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      Analysis of protein complexes using mass spectrometry.

      Nature reviews. Molecular cell biology

      Proteomics, Chromatography, Affinity, Mass Spectrometry, Multiprotein Complexes, analysis, isolation & purification, metabolism, Animals

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          Abstract

          The versatile combination of affinity purification and mass spectrometry (AP-MS) has recently been applied to the detailed characterization of many protein complexes and large protein-interaction networks. The combination of AP-MS with other techniques, such as biochemical fractionation, intact mass measurement and chemical crosslinking, can help to decipher the supramolecular organization of protein complexes. AP-MS can also be combined with quantitative proteomics approaches to better understand the dynamics of protein-complex assembly.

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          Overview of tag protein fusions: from molecular and biochemical fundamentals to commercial systems.

           K Terpe (2002)
          In response to the rapidly growing field of proteomics, the use of recombinant proteins has increased greatly in recent years. Recombinant hybrids containing a polypeptide fusion partner, termed affinity tag, to facilitate the purification of the target polypeptides are widely used. Many different proteins, domains, or peptides can be fused with the target protein. The advantages of using fusion proteins to facilitate purification and detection of recombinant proteins are well-recognized. Nevertheless, it is difficult to choose the right purification system for a specific protein of interest. This review gives an overview of the most frequently used and interesting systems: Arg-tag, calmodulin-binding peptide, cellulose-binding domain, DsbA, c-myc-tag, glutathione S-transferase, FLAG-tag, HAT-tag, His-tag, maltose-binding protein, NusA, S-tag, SBP-tag, Strep-tag, and thioredoxin.
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            The utility of ETD mass spectrometry in proteomic analysis.

            Mass spectrometry has played an integral role in the identification of proteins and their post-translational modifications (PTM). However, analysis of some PTMs, such as phosphorylation, sulfonation, and glycosylation, is difficult with collision-activated dissociation (CAD) since the modification is labile and preferentially lost over peptide backbone fragmentation, resulting in little to no peptide sequence information. The presence of multiple basic residues also makes peptides exceptionally difficult to sequence by conventional CAD mass spectrometry. Here we review the utility of electron transfer dissociation (ETD) mass spectrometry for sequence analysis of post-translationally modified and/or highly basic peptides. Phosphorylated, sulfonated, glycosylated, nitrosylated, disulfide bonded, methylated, acetylated, and highly basic peptides have been analyzed by CAD and ETD mass spectrometry. CAD fragmentation typically produced spectra showing limited peptide backbone fragmentation. However, when these peptides were fragmented using ETD, peptide backbone fragmentation produced a complete or almost complete series of ions and thus extensive peptide sequence information. In addition, labile PTMs remained intact. These examples illustrate the utility of ETD as an advantageous tool in proteomic research by readily identifying peptides resistant to analysis by CAD. A further benefit is the ability to analyze larger, non-tryptic peptides, allowing for the detection of multiple PTMs within the context of one another.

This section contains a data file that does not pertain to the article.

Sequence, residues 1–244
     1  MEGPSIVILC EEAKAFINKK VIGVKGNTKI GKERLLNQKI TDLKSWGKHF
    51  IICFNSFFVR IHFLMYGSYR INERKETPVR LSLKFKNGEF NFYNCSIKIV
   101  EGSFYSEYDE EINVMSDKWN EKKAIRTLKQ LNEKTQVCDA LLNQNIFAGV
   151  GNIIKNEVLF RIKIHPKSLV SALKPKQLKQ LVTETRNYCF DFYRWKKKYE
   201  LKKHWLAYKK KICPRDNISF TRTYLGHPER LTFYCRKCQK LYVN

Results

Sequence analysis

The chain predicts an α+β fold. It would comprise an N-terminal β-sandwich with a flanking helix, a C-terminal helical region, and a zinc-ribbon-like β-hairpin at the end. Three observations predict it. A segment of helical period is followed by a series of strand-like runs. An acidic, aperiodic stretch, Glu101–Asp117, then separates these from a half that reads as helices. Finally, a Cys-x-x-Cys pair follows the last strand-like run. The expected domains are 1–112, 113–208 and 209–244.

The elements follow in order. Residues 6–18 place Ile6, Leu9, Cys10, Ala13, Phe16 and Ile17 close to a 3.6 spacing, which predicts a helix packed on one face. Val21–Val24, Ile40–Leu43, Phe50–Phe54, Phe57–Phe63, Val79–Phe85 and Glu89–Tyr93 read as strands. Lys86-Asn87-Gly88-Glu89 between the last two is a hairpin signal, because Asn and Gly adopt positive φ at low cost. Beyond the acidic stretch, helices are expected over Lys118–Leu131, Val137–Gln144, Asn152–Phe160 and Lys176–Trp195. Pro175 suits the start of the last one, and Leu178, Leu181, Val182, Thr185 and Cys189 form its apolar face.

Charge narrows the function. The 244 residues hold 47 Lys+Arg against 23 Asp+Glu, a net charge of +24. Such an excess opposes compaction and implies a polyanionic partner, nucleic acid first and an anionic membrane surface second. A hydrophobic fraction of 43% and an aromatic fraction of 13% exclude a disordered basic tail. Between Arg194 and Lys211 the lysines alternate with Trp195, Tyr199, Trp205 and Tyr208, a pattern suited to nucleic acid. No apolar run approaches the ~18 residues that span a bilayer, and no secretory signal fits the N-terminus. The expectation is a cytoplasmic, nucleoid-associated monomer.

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              Author and article information

              Journal
              17593931
              10.1038/nrm2208

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